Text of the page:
Wondering about your COVID-19 risk level and seeking precautionary steps?

Check Now
  • Rally
  • Write Your Way Happy

Write Your Way Happy

By Karisa Ding | April 22, 2015 | Rally Health

Why should I keep a journal?

Many of us go through the day with an anxious soundtrack running through our heads: "My presentation isn’t done. Why are my kids' grades falling? I really need to do the laundry."

These thoughts can trigger emotions that build up and turn you into a ball of stress. Journaling, or "expressive writing," can help you work through vague worries and give you a better handle on what's really going on in your life.

Writing is therapeutic because once you see things in black and white, you can prioritize, address your fears and concerns, solve problems more effectively, and hopefully, relax. Putting your thoughts on paper can also give you a creative outlet and help you find meaning in daily experiences.

How journaling can help your health

While a pen isn't mightier than a treadmill, experts believe that journaling can help you get physically healthier. People who keep journals tend to have lower blood pressure, improved lung and liver function, sharper memory, and fewer missed days at work…in other words, better overall health.

They aren't sure exactly how or why this works. One school of thought is that journaling helps you better confront, process, and cope with stressful events and memories, which can lessen the impact of that stress on your body.

In one study, researchers asked a group of kidney cancer patients to complete four 20-minute writing sessions in which they described their deepest thoughts and feelings about their illness. Ten months later, their physical functions such as walking, lifting, and bending had improved, and they had fewer cancer-related symptoms compared with cancer patients who only wrote about neutral topics.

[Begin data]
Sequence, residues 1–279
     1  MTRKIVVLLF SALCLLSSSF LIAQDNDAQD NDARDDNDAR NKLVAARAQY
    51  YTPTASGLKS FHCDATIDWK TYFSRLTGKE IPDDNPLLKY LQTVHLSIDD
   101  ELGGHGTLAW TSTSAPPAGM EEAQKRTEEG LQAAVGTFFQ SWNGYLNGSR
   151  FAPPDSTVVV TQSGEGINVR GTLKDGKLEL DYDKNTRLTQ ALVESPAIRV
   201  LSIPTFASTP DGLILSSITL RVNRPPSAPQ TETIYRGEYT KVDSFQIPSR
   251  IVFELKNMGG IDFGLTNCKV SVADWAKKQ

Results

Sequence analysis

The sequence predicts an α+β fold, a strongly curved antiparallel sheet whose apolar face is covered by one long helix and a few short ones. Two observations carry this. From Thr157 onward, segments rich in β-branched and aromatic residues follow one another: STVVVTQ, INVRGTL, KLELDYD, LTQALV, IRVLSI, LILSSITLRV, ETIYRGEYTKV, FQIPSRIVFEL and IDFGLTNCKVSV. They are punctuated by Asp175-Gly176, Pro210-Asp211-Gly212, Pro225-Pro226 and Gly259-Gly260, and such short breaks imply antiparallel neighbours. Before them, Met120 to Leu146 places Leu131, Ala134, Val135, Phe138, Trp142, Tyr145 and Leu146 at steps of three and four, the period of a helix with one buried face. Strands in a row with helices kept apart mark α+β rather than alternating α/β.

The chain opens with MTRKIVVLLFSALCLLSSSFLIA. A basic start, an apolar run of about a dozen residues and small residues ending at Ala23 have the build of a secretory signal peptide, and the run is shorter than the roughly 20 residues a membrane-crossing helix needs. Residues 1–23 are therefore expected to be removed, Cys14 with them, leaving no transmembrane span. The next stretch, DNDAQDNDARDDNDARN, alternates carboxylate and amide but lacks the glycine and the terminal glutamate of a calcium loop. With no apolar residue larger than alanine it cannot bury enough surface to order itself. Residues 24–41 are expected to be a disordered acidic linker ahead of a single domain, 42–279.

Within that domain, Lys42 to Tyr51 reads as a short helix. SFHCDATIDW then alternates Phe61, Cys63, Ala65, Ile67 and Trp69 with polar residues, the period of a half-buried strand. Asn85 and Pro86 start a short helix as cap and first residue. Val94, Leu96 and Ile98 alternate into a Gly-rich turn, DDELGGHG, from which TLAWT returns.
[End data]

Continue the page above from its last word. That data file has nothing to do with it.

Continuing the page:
Journaling might boost the immune system as well. In another study, researchers asked university students to complete three sessions of writing and thinking about a traumatic or emotional event. After that, they noted an increase in the number of T cells in their blood, a key part of how the immune system fights off infections.

Tips on journaling

  • Try to write every day, even if it’s just one line. Once you stop, it’s harder to get back in the habit.
  • Ideally, put aside 15 to 20 minutes to think about your day. Late evening can be a good time. Create a routine you’ll look forward to, like having a cup of favorite tea or listening to music.
  • You can write in a simple notebook, on your computer, or in a fancy leather-bound journal. Anything goes!
  • Write freely and without restraint. Let your internal world spill out. Don't worry about grammar, sentence structure, or spelling.
  • If you're writing about something unpleasant or upsetting, try to think about the reason behind it. Just describing the negative event without thinking about context or meaning might make you feel worse. For example, rather than writing, "My sister forgot that we were supposed to celebrate my birthday at lunch today. It totally ruined my day," take a moment and think things through. Instead, you might say, "Jenna forgot about my birthday lunch. I was mad, but now I think it was an honest mistake – maybe it's because she's overwhelmed at her new job and her baby hasn't been sleeping well.” Then, try to let it go.

Just remember to have fun. Happy journaling!


Selected references

Lewis J. Turning Trauma Into Story: the Benefits of Journaling. Psychology Today Blog. August 17, 2012.

Karisa Ding
Rally Health

Articles on Rally Health’s website are provided for informational purposes only, as a free resource for the public. They are not a substitute for medical advice, diagnosis, or treatment. Rally Health does not accept solicitations or compensation from any parties mentioned in the articles, and the articles are not an endorsement of any providers, experts, websites, tools, or financial consultants, services, and organizations.